A great example offered in the book is Honda’s entry into the market with the dirt bike. Honda’s attempt to sell a low-cost motorcycle to US customers was a failure from day one. Established dealers weren’t interested in the low-margin offering. Customers didn’t want smaller bikes for transportation. It wasn’t until Honda staff started using the SuperCub model off-road to let off steam that a different market was envisioned. The bike was retooled for off-road use and sold through sporting good stores. When Harley tried to emulate the product, their existing customers and sales forces balked. Once they gained entry, Honda began investing in “sustaining innovations,” which are refinements within the current market, and were able to take share from what existing players, like Harley, do best by moving up to road and touring models.
The computer industry is full of these examples, and Christensen uses the hard drive manufacturing industry for many examples. He also uses the mechanical excavator industry. By looking at which companies failed and which succeeded, he is able to test his theories, and you’ll be amazed at how well they hold up. If you are interested in the publishing industry at all, you’ll see evidence of his theories everywhere you look (same for music, TV, social media, etc.). I’m telling you: read the book.
In the end, you’ll see that Christensen offers some very actionable advice by looking at hundreds of real-world successes and failures. The key to creating a culture that rewards small wins and lower profit margins, while having the support of a larger company, is to spin off divisions that are allowed to operate independently while possessing the potential to disrupt the larger business as a whole. When companies set up the disruptive technology in-house, they almost always fail. When the disruptive technology is set up as a separate entity, they often succeed brilliantly.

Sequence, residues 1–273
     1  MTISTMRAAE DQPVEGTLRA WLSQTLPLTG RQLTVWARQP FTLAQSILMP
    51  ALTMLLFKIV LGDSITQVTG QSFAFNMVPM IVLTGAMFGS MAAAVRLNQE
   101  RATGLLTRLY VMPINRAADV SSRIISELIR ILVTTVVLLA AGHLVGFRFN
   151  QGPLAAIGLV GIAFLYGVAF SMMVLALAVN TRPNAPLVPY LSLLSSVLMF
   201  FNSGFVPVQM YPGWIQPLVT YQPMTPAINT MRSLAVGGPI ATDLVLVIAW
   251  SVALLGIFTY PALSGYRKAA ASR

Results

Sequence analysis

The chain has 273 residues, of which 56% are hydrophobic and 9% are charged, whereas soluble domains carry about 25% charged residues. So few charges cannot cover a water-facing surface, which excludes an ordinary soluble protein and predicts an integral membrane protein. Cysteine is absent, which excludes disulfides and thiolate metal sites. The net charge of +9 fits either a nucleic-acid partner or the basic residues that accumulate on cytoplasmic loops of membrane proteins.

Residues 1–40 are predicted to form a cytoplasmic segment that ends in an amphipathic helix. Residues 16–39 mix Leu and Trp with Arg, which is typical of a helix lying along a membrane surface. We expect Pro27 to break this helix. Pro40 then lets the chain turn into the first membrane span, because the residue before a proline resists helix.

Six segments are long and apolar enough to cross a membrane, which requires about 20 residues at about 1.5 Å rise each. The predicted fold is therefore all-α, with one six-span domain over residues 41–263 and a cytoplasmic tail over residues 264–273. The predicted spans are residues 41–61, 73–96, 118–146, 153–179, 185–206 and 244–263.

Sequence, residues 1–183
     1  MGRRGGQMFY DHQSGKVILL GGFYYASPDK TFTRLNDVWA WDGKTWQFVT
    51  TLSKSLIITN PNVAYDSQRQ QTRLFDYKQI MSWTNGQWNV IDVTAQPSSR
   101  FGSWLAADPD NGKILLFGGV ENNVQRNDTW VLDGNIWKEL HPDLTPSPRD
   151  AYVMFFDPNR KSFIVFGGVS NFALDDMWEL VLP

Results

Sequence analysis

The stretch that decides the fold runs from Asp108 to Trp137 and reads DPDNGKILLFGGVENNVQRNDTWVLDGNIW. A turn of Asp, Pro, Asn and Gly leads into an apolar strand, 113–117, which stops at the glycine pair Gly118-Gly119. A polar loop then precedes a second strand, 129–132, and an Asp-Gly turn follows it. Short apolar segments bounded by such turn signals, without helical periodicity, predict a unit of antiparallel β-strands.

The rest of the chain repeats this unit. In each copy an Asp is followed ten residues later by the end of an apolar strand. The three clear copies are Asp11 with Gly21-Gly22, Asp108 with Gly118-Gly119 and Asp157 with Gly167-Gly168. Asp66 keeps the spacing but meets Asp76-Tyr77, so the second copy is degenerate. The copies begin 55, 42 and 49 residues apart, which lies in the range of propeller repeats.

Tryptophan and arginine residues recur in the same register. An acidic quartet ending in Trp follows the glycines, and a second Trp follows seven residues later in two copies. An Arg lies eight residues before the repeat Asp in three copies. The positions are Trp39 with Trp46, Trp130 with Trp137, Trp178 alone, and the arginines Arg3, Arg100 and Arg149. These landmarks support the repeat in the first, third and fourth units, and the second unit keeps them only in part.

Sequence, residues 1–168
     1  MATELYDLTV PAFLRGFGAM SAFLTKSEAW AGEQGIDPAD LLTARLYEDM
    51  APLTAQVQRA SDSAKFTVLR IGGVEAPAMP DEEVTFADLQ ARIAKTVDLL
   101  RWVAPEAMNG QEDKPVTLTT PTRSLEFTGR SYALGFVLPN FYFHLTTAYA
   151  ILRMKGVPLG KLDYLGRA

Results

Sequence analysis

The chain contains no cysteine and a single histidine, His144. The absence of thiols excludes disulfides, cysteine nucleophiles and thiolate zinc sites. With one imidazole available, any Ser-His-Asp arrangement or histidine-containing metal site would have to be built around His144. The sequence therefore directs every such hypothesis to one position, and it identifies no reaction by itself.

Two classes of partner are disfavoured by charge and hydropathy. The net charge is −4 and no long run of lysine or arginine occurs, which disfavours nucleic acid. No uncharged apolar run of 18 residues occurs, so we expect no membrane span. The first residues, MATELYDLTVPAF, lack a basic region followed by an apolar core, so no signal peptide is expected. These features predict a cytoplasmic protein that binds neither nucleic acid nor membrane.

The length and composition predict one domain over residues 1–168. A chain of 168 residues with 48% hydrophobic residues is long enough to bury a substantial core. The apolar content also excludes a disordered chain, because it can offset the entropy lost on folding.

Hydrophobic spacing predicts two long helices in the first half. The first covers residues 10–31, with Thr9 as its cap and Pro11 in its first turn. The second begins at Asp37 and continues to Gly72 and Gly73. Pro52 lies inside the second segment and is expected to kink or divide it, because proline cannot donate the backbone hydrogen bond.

I’ve always admired Apple’s ability to make its entire product lines obsolete. Why wait for someone else to do it? It requires uncommon vision to manage this from within, usually a very powerful and far-seeing individual or with a culture that inspires disruption. Steve Jobs was one of the former. Google’s culture of experimentation on company time is an example of the latter.
Consider for a moment that it was Amazon who practically made the ebook successful. Their business was in shipping things, initially books. Why would they dabble in ebooks and ereaders? I can easily see an IBM-like or Kodak-like moment where Google or Apple invent the ebook marketplace and Amazon becomes the hero to book-lovers and the last bastion of hope for the print industry (much as B&N went from villain to hero). Instead, Amazon disrupted its own primary business. They are trying to do so again with subscription models, fan fiction, crowdsourced writing platforms and discovery tools, and much else. These divisions are set up to be largely autonomous, where small wins are big deals for the divisions, even as AWS and other projects make outsized profits. The cycle of experimentation and a willingness to fail are an asset. Possibly the company’s greatest asset.